Roadmap to protect rivers
Climate change is perhaps emerging as one of the greatest environmental challenges of the twenty-first century, which is further intensified due to population growth, economic development and increased demand on natural resources for food and energy needs. Over the last 25 years there has been a gradual depletion of river flows. The flow is not one year up or one year down, but steadily depleting.
Major rivers in India are rapidly shrinking and many perennial rivers have turned seasonal. Water scarcity and drought has become a reality in today’s India. Rivers need to be accorded a due place in India’s development agenda since they support a sizeable population directly or indirectly. Revitalizing rivers needs to happen in conjunction with improving the livelihoods of riverine communities. The rivers of our nation are dying. All rivers are at a dangerous level of depletion. In another 15-20 years’ time most of the perennial rivers will become seasonal.
Rivers need to be recognized as a national treasure. Rivers need to be accorded due place in India’s agenda since they support a sizeable population directly or indirectly. Rivers have been used to meet human needs in various ways. They have been channelized for irrigation, used as waterways to transport goods, and in recent times they are also one of the sources of freshwater for industrial activities. It is important to ensure that this precious source of freshwater is intact so that the human species does not perish. Rivers are also habitat for a variety of flora and fauna. They have evolved to resist the calamities as well.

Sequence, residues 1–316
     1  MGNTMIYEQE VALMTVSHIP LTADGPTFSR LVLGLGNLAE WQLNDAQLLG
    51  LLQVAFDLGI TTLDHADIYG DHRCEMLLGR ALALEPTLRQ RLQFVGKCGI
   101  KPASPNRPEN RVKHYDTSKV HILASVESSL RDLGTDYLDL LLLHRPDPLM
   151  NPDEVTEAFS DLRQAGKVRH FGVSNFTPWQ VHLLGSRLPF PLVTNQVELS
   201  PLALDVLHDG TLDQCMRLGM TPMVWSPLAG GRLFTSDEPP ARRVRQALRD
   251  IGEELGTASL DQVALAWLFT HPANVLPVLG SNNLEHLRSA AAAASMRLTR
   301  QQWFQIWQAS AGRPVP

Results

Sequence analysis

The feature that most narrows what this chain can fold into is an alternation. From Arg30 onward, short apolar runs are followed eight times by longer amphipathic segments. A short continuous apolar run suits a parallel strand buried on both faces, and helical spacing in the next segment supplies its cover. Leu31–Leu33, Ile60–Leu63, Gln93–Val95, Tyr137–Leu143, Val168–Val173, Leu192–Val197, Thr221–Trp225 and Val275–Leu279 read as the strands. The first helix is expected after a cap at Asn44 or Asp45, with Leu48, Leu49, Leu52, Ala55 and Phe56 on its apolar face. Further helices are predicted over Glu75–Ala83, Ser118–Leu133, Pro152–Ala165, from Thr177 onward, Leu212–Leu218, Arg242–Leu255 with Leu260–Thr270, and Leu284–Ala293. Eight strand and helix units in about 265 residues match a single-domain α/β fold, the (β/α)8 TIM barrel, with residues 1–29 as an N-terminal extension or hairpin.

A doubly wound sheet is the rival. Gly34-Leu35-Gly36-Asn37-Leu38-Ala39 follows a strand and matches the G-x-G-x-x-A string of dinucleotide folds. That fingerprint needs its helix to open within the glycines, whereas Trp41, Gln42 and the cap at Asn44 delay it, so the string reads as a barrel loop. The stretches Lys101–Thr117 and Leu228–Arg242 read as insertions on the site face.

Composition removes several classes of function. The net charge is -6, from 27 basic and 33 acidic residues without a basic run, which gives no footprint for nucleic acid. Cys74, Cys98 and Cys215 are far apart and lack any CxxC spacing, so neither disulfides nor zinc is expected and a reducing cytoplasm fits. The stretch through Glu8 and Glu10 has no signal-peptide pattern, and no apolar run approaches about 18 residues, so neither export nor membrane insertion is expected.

The issues that plague our rivers are not one or two – they are many. Our rivers are polluted and they are drying up in summers and there are inter-state disputes over them. Any human intervention that causes a decline in flow or obstructs the flow impacts the health of the river and could lead to its death. Another cause of the death of rivers is waste that is dumped into the river that is more than the assimilative capacity of the river. Our rivers face challenges on two fronts – quality and quantity, which needs to be addressed simultaneously. It is recommended to act quickly on the revitalization of rivers with every state planting trees in the target area along a contiguous stretch of about 100 kilometers, as a precursor to a saturation model.
India has moved from being a water surplus (stress free) country to being a water stressed country within just seventy years since independence
Implementing the solution requires mass awareness of the problem among citizens; development of national and state level detailing how to revitalize our rivers – technically and practically, based on certain fundamental principles, and also provides a broad implementation framework. Revitalization of rivers is not only the responsibility of the government, it is also that of all those who use water. It requires the coming together of all of us as a nation to realize that a river is no more perceived as a commodity, but as an entity that lives, an entity that breathes life into billions of living beings including human beings.
This is where Daiki Axis Johkasou STPs step in. Johkasou contributes by lessening the pollution impact to the water environment. After the installation of Johkasou STP, there is an improvement in the quality of the water discharged. Thus, Johkasou contributes to maintaining the stable flow of the rivers. The treated water is discharged into rivers so Johkasou systems are highly favorable to the conservation and improvement of water environment. Johkasou STPs are suitable for Indian conditions as they are easy to install, have low operational cost and are scalable. They aid in treating wastewater from factories, offices, industrial effluents thus improving the quality of water which flows into the rivers and preventing water pollution. The treated water can easily be reused for various purposes as a reliable water resource.